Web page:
Does irrigation frequency affect stomatal response to drying soil?
Limiting agricultural water usage will be a critical issue in the 21st century due to increased competition for scant resources. One possible solution to more efficiently use available water is to apply deficit irrigation (less water than full crop evapotranspiration). The benefits of deficit irrigation under certain circumstances are well documented; however, the effects of irrigation frequency on plant physiological responses are not. Maize (Zea mays) plants were grown to a V5 development stage, then 3 treatments were applied: a control well-watered (WW) treatment, which replaced evapotranspiration losses daily, a frequent deficit irrigation (FDI) treatment aiming to keep pots at 50% of field capacity and an infrequent deficit irrigation (IDI) treatment, where the total irrigation volume given to the FDI treatment was administered every four days. The FDI treatment maintained mid-morning stomatal conductance (gs) at levels similar to that of the WW treatment, while the gs of IDI plants was only 20% of the WW. This occurred even though soil water content was comparable between FDI and IDI on the days that gs was measured. Compared to the WW treatment, leaf and xylem sap ABA concentrations within the FDI and IDI plants increased 4- and 33-fold, respectively. Compared to the WW treatment, mid-morning shoot water potential of the FDI and IDI plants decreased by 0.18 and 0.90 MPa, respectively. Compared to the WW treatment, shoot biomass (above ground) of the FDI and IDI plants decreased by 29 and 42%, respectively. Since the FDI treatment maintained gas exchange similar to WW plants despite receiving 50% less irrigation, it had the greatest water use efficiency.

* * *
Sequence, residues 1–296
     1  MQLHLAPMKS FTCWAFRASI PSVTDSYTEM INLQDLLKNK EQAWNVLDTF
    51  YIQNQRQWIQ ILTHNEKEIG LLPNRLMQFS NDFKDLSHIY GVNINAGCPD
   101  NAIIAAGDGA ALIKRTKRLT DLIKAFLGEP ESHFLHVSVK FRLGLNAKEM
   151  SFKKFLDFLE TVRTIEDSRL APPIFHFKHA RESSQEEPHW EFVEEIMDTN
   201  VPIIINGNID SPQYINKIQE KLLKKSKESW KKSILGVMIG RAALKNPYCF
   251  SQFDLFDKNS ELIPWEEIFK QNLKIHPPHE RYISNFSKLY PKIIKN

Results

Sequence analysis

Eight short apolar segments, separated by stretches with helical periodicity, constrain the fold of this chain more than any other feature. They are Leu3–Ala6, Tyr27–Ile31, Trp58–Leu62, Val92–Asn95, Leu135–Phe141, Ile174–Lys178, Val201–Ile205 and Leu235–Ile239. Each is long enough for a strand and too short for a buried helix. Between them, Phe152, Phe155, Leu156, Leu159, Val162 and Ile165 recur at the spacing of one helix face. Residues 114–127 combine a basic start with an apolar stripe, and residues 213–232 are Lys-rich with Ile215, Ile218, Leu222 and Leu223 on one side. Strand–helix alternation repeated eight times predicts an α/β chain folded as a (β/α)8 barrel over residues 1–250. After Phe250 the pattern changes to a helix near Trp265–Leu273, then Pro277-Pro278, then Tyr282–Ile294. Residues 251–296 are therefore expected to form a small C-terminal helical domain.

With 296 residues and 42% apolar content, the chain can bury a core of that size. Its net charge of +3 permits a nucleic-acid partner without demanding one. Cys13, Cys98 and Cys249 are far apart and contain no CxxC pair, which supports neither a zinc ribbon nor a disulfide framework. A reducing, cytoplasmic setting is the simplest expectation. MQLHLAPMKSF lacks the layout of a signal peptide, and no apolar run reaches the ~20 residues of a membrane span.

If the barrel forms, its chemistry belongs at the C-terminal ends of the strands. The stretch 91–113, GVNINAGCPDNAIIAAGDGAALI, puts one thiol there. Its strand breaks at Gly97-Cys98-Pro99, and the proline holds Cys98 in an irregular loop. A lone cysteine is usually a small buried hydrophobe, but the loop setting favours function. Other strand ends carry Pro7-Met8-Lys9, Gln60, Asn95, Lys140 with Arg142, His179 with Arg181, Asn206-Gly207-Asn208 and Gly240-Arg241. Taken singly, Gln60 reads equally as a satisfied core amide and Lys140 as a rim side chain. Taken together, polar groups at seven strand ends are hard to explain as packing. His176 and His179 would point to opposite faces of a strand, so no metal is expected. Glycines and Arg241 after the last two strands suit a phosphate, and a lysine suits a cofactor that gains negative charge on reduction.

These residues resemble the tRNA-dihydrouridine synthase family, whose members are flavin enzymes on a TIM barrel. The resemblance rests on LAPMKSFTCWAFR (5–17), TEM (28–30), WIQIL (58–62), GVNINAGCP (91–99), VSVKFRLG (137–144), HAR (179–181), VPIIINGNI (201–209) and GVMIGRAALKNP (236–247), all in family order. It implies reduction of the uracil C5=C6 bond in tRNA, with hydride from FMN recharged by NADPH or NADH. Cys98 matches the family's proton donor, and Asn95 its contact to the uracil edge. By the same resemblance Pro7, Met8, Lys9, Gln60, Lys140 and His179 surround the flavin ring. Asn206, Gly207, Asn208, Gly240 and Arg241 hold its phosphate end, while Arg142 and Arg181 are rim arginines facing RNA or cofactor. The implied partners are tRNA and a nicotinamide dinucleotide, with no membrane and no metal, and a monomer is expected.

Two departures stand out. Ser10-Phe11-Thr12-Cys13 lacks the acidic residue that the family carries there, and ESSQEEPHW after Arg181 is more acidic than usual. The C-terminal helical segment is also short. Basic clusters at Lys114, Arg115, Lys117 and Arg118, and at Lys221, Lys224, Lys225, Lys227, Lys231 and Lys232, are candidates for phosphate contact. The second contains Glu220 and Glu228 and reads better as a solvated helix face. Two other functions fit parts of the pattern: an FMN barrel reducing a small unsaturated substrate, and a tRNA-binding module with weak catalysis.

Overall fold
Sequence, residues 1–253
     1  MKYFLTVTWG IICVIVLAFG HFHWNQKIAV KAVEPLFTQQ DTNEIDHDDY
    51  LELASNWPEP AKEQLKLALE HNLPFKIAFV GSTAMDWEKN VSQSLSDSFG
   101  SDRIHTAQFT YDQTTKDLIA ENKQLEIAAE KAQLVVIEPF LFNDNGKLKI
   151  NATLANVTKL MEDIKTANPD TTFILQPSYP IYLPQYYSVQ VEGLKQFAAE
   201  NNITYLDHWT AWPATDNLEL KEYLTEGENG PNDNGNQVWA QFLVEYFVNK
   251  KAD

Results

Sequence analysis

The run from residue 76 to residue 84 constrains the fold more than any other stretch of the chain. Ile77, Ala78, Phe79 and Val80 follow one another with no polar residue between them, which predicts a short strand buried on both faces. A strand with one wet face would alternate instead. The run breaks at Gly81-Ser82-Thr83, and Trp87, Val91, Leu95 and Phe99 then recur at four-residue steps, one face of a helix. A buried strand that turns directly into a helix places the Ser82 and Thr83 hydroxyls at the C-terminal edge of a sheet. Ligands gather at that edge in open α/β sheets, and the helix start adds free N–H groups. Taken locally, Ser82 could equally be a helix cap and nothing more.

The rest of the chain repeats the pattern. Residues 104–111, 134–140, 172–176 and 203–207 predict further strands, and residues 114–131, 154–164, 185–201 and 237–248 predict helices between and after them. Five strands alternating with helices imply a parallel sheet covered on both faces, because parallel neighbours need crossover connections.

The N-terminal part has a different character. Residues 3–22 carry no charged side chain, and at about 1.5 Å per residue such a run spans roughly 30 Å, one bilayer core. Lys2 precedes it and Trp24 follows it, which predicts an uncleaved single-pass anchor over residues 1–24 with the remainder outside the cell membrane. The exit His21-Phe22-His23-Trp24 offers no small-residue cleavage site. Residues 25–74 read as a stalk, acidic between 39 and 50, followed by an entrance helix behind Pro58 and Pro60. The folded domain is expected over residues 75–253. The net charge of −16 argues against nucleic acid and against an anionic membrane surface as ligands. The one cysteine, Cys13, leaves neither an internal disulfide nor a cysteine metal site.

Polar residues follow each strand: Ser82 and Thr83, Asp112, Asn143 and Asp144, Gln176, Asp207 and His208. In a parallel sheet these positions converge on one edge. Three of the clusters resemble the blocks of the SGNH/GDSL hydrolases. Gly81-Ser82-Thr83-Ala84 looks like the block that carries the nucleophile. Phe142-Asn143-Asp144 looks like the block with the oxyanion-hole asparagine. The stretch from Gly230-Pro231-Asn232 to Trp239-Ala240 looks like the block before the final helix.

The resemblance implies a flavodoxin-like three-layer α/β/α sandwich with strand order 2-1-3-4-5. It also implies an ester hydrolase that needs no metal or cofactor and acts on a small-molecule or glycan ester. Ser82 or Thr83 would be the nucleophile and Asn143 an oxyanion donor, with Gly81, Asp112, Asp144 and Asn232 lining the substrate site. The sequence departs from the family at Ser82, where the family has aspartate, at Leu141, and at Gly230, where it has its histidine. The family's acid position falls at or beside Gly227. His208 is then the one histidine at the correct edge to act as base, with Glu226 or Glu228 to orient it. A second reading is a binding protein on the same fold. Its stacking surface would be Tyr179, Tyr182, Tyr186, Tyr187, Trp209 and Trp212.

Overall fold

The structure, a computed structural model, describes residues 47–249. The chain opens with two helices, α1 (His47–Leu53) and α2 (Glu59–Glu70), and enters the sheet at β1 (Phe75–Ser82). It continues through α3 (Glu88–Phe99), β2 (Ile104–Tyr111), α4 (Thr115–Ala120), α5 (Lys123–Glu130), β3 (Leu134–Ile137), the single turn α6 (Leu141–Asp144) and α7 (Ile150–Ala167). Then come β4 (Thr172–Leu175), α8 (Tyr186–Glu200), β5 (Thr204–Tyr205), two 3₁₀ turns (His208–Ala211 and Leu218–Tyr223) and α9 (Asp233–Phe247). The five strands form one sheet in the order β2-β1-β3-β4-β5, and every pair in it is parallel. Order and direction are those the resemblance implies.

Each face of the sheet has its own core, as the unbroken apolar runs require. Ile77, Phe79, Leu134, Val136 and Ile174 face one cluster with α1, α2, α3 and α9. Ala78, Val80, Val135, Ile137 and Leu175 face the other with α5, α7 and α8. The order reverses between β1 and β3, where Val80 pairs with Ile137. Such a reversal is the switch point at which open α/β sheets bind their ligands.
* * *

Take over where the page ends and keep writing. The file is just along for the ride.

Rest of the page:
Anderson, S.M., Puertolas, J. and Dodd, I.C. (2018). Does irrigation frequency affect stomatal response to drying soil?. Acta Hortic. 1197, 133-138
maize, deficit irrigation, ABA, stomatal conductance